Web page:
Australia’s 2021-22 wheat production is expected to fall just slightly from its all-time high reached this marketing year, supported by a higher planted area as well as favourable growing conditions in most production regions this summer.
Australia is forecast to harvest around 32.6mn t of wheat in the 2021-22 marketing season ending 30 September, just 2pc below a record 33.3mn t produced the 2020-21 season, according to the latest estimates from the Australian Bureau of Agricultural and Resource Economics and Sciences (Abares).
This follows a 1pc year-on-year increase in planted area to 12.96mn hectares (129,600km²) in 2021-22 from about 12.89mn ha previously, with yields expected to be above long-term averages at about 2.52 t/ha. This is because ample soil moisture and above average rainfall in June and July in major growing regions boosted crop establishment and development.
Australian barley production is also projected to remain high in 2021-22, at nearly 12.5mn t, down from about 13.1mn t in 2020-21, following lower expected yields and a minor decrease in acreage to 4.34mn ha from 4.42mn ha previously.
Meanwhile, farmers in Western Australia — Australia’s largest grains producing state — already face some problems, such as workforce shortages, port congestion concerns and storage problems, as they work to deliver a bumper grain crop in the middle of a pandemic and an iron ore boom.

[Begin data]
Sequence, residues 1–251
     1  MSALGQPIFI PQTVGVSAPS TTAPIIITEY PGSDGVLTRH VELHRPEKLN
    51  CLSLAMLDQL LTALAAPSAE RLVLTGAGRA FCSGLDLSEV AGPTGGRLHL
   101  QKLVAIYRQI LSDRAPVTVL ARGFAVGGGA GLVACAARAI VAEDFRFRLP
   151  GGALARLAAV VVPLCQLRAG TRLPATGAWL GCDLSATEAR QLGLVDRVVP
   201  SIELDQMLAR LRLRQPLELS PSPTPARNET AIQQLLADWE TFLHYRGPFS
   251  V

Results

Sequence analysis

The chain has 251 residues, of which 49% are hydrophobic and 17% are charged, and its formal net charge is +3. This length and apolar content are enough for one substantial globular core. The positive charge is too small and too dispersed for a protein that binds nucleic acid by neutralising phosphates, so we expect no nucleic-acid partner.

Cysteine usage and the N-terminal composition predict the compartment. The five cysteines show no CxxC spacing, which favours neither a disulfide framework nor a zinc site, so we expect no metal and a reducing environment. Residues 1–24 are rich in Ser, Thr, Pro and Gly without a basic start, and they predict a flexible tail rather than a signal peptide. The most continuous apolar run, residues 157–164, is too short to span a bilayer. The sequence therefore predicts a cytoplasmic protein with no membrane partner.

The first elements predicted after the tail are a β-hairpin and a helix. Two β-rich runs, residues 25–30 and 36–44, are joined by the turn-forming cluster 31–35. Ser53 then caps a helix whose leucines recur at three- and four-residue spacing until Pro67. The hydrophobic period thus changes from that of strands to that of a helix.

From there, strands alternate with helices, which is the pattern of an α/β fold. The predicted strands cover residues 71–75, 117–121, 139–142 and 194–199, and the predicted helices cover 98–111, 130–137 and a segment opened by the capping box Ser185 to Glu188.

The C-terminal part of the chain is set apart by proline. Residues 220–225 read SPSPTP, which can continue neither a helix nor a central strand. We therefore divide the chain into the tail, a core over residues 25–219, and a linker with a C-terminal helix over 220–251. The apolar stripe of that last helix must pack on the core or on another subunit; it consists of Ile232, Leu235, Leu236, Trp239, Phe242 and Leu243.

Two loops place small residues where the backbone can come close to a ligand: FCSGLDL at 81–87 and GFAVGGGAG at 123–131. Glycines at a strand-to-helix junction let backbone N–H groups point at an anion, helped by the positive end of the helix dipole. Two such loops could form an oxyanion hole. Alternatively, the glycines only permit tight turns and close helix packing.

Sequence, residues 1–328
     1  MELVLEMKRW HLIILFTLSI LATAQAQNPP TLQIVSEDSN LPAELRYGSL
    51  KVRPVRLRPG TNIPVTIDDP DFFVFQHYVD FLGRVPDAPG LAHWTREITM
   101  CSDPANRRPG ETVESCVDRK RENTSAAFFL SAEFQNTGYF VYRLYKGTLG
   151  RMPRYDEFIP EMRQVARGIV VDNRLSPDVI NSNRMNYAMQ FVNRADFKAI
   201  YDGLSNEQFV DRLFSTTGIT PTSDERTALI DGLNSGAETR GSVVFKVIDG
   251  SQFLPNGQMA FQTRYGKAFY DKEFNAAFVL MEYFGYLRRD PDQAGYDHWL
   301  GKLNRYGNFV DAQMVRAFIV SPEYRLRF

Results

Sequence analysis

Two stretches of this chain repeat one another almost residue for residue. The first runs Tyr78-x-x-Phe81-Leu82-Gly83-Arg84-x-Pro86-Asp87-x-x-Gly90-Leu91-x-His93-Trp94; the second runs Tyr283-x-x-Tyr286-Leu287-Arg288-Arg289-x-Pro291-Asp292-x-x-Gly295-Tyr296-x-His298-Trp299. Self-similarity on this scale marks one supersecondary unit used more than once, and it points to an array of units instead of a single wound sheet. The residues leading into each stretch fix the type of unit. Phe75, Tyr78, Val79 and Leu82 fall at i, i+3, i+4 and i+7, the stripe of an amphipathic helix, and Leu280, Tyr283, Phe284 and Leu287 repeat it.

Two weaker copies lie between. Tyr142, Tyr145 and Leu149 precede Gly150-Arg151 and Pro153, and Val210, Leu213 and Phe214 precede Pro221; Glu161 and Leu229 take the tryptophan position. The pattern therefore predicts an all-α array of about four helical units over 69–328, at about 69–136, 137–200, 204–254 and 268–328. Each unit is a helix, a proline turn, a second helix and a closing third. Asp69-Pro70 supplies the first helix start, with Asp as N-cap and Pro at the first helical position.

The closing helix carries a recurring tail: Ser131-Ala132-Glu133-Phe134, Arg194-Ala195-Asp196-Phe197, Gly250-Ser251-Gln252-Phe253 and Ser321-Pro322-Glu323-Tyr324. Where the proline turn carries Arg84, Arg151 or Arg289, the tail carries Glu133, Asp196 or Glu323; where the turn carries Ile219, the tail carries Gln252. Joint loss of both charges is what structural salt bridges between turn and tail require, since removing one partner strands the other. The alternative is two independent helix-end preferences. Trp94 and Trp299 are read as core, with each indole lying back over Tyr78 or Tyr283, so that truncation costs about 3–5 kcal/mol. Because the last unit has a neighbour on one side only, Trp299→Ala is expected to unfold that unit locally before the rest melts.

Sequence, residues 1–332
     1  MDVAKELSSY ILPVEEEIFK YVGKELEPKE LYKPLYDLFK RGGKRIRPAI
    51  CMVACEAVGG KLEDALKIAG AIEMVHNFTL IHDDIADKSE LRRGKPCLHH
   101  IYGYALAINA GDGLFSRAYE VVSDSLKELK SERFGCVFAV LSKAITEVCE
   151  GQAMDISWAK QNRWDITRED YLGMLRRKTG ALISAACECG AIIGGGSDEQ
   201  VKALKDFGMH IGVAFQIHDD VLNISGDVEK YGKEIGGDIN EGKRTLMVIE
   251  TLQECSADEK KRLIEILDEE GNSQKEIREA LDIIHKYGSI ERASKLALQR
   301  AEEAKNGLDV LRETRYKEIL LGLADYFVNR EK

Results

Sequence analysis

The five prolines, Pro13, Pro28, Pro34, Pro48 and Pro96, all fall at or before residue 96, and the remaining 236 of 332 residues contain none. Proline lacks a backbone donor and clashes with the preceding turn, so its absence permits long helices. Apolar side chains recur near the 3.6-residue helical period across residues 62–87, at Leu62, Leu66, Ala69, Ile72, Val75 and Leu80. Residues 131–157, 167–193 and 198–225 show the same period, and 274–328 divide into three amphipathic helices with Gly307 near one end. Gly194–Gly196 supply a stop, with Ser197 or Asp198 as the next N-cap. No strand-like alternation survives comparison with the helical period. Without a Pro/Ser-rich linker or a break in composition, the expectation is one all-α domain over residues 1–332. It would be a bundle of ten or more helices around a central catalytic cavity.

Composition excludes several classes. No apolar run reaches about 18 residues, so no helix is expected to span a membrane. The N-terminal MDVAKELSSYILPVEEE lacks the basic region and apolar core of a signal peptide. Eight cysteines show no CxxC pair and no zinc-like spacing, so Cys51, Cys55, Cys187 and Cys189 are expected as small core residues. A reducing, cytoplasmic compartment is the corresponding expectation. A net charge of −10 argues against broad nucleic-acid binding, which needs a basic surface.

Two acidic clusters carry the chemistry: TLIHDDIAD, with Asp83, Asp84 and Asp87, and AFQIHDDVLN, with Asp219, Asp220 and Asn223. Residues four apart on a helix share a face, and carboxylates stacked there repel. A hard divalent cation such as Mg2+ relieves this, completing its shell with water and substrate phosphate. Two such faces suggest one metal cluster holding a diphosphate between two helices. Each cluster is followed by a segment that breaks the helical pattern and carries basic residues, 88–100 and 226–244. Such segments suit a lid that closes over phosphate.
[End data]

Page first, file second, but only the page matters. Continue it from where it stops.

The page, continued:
In contrast, Australia’s canola production is anticipated to increase by 11pc on the year for the 2021-22 crop to a record high of over 5mn t. This growth will be driven by a 24pc year-on-year rise in acreage to more than 3mn ha from around 2.5mn ha this marketing season. Australian farmers have expanded the country’s canola area sharply, boosted by high global prices and favourable weather conditions in the main producing states — Western Australia and New South Wales.
Meanwhile, Abares also revised upwards Australia’s 2020-21 canola output to 4.5mn t, up by around 500,000t from its previous estimate, following higher production in New South Wales and Victoria.
By Victoria Blazhko